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Tuesday, December 6, 2022

Recipe for economic development

Recipe for economic development

By Ayodele Fagbohun
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The implementation of the recently approved new minimum wage is being unduly over-flogged to the anguish of workers that only heavens know when the bonanza will trickle into the pockets of workers and pensioners as the case may be.

This is too cold for comfort. Besides, it is a source of great concern for the generality of Nigerian workforce writhing under the agony of the present severe strains and pressure of socio-economic predicament which may lead to unpleasant strained relations between the government and the labour force across the states of the federation.

As if this is not enough, the discordant voices of some governors in their unconstitutional gathering of Governors’ Forum that state’s governors are not obliged to pay what federal government dictates or approves can inflame passion, lead to daggers-drawn and eventually cause bitter industrial disharmony all over the place.

This ugly scenario will not augur well for economic development of the country.

To avert any needless industrial strike that may arise as a result of our naked moral turpitude, non-chalance and slipshod attitude to governance and hence to control and nip in the bud the negative centrifugal and centripetal forces therein, the Nigerian leaders in respective of political camp or inclination must not be oblivious of the fact that Nigeria is still seriously contending with the multi dimensional and multi-facted problems of under development.

As intractable as the knotty problems of under development stare us in the face, let us be assured and re-assured that he problems are not insuperable and will no more see the light of the day if our leaders posses the right frame of mind, ideologically oriented, spiritual and mentally gifted and bodily disciplined.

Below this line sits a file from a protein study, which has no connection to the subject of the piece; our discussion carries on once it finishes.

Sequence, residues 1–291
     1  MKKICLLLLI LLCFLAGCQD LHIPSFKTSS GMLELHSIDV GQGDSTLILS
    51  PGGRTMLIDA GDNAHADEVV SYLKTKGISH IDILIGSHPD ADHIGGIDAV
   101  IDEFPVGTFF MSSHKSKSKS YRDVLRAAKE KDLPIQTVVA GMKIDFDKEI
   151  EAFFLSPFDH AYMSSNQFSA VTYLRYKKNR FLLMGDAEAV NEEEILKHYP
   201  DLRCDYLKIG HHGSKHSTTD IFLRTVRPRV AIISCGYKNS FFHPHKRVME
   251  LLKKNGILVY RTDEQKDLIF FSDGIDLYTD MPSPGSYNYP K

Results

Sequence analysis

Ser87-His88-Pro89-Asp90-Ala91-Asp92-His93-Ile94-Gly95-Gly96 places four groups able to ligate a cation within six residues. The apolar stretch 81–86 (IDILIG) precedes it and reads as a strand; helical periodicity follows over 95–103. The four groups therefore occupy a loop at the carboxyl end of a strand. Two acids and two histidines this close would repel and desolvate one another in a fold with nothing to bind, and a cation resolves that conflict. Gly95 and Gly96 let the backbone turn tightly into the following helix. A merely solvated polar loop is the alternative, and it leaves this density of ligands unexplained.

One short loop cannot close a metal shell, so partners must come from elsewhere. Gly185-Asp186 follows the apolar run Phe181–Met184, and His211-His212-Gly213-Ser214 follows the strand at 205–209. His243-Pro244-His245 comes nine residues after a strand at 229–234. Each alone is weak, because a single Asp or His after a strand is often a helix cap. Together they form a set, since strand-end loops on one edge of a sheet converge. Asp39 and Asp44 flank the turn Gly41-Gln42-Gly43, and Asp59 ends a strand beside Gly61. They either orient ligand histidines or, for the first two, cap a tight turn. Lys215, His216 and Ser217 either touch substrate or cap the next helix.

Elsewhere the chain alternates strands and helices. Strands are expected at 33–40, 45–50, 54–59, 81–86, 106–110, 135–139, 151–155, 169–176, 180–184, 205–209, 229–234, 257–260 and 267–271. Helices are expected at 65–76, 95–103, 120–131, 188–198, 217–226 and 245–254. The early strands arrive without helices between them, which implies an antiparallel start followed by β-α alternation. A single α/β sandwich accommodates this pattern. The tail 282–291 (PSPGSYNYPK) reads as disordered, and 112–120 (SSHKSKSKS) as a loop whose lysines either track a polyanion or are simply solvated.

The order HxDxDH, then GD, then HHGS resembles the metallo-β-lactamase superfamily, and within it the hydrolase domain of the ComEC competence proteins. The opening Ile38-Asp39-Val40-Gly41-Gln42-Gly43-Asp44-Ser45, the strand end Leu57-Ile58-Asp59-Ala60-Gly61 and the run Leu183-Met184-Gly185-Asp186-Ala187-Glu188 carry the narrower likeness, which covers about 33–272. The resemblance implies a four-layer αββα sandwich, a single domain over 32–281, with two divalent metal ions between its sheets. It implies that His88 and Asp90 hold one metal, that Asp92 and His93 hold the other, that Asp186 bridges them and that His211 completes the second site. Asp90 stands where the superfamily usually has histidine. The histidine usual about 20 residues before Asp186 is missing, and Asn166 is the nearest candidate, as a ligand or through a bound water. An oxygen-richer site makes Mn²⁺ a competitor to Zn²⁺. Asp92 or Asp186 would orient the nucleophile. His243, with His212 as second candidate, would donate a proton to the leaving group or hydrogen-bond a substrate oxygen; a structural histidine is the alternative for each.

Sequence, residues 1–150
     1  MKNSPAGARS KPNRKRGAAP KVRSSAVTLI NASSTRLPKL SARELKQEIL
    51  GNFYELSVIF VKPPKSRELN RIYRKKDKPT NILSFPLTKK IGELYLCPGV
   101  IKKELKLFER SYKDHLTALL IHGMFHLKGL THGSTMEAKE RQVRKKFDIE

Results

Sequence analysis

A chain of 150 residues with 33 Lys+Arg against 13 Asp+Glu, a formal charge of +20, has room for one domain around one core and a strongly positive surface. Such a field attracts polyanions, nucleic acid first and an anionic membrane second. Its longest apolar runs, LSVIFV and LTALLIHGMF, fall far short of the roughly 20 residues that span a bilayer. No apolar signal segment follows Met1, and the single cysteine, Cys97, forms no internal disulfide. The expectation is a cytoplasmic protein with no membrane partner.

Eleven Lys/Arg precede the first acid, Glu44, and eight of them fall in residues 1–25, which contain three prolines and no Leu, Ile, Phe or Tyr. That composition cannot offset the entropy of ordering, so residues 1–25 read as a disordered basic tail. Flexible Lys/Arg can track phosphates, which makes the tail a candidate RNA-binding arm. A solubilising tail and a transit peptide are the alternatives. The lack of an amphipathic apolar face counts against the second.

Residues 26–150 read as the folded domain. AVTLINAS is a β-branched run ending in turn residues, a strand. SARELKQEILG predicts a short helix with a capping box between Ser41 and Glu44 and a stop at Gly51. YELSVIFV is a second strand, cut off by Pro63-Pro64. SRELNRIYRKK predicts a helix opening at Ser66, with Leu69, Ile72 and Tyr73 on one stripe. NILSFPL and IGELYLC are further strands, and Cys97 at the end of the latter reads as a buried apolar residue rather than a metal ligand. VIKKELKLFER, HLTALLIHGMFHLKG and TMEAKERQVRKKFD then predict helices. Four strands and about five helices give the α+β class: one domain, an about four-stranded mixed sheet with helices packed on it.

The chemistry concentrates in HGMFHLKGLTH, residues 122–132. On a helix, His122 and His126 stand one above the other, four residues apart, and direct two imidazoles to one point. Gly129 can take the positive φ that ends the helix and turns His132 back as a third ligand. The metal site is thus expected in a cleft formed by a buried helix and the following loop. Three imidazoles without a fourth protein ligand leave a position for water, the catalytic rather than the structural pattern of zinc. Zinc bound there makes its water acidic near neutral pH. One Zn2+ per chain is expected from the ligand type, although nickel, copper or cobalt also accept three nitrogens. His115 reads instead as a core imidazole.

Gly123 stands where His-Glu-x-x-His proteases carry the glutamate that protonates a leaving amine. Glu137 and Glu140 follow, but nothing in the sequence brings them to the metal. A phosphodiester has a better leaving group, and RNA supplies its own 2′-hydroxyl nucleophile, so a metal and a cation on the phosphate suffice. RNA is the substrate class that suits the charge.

To cap it all, the leaders must address both their mental and physical luggage rigorously and determinedly to address the problems with a view to solving them.

The country will henceforth move forward. And in this respect of Nigeria with great and incredible potential.

The leaders will see clearly with objective and dispassionate mind to run the economy unafraid where no one will be oppressed, shortchanged or suffer injustice in the midst of plenty.

Chief Obafemi Awolowo, the late sage, elderstatesman and Nigerian foremost economic and political thinker in his address on how the rich and the highly placed in the country were running a dreadful and notorious risk in their callous and irresponsible neglect of the poor and the downtrodden.

Awolowo rendered the address to Ondo State House of Assembly in Akure on January 18, 1970 where he elucidated on the main causes of underdevelopment as follows:

“Our expert planners, from time to time, plan for the economic growth of Nigerian, and not for its development.  The phenomenon of growth without development is habitually overlooked.  All development economists outside Nigeria are agreed that there is substantial deference between growth and development.  I say economists outside Nigeria, deliberately.  For in Nigeria most of the experienced economists have allowed partisan political prejudices to colour their analyses and judgments, and badly damage their scholastic credibility.”

Obafemi Awolowo, the pragmatist economist of our time, continues: “All around us we see evidence of growth.  New factories, new shops, new highways, plenty of motor vehicles, greater output of petroleum and of cement, etc.  In the result, our per capita real income has risen somewhat.  But inspite of all these, Nigeria still remains underdeveloped.  It also remains one of the poorest countries of the world.”

According to the revered late sage, “Gerald Meir denominates the objective of economic development as “better nourishment, better health, better education, better living conditions, and an expanded range of opportunities in work and in leisure for the poor.”

Jacob Viner, a world-acclaimed development economic, in his book: The progress of underdeveloped areas says: “It must be recongnised that the objective of development should be not only to raise the level of per capita real income but also to reduce the absolute number of individuals and the percentage of total population below a minimum level of real income.”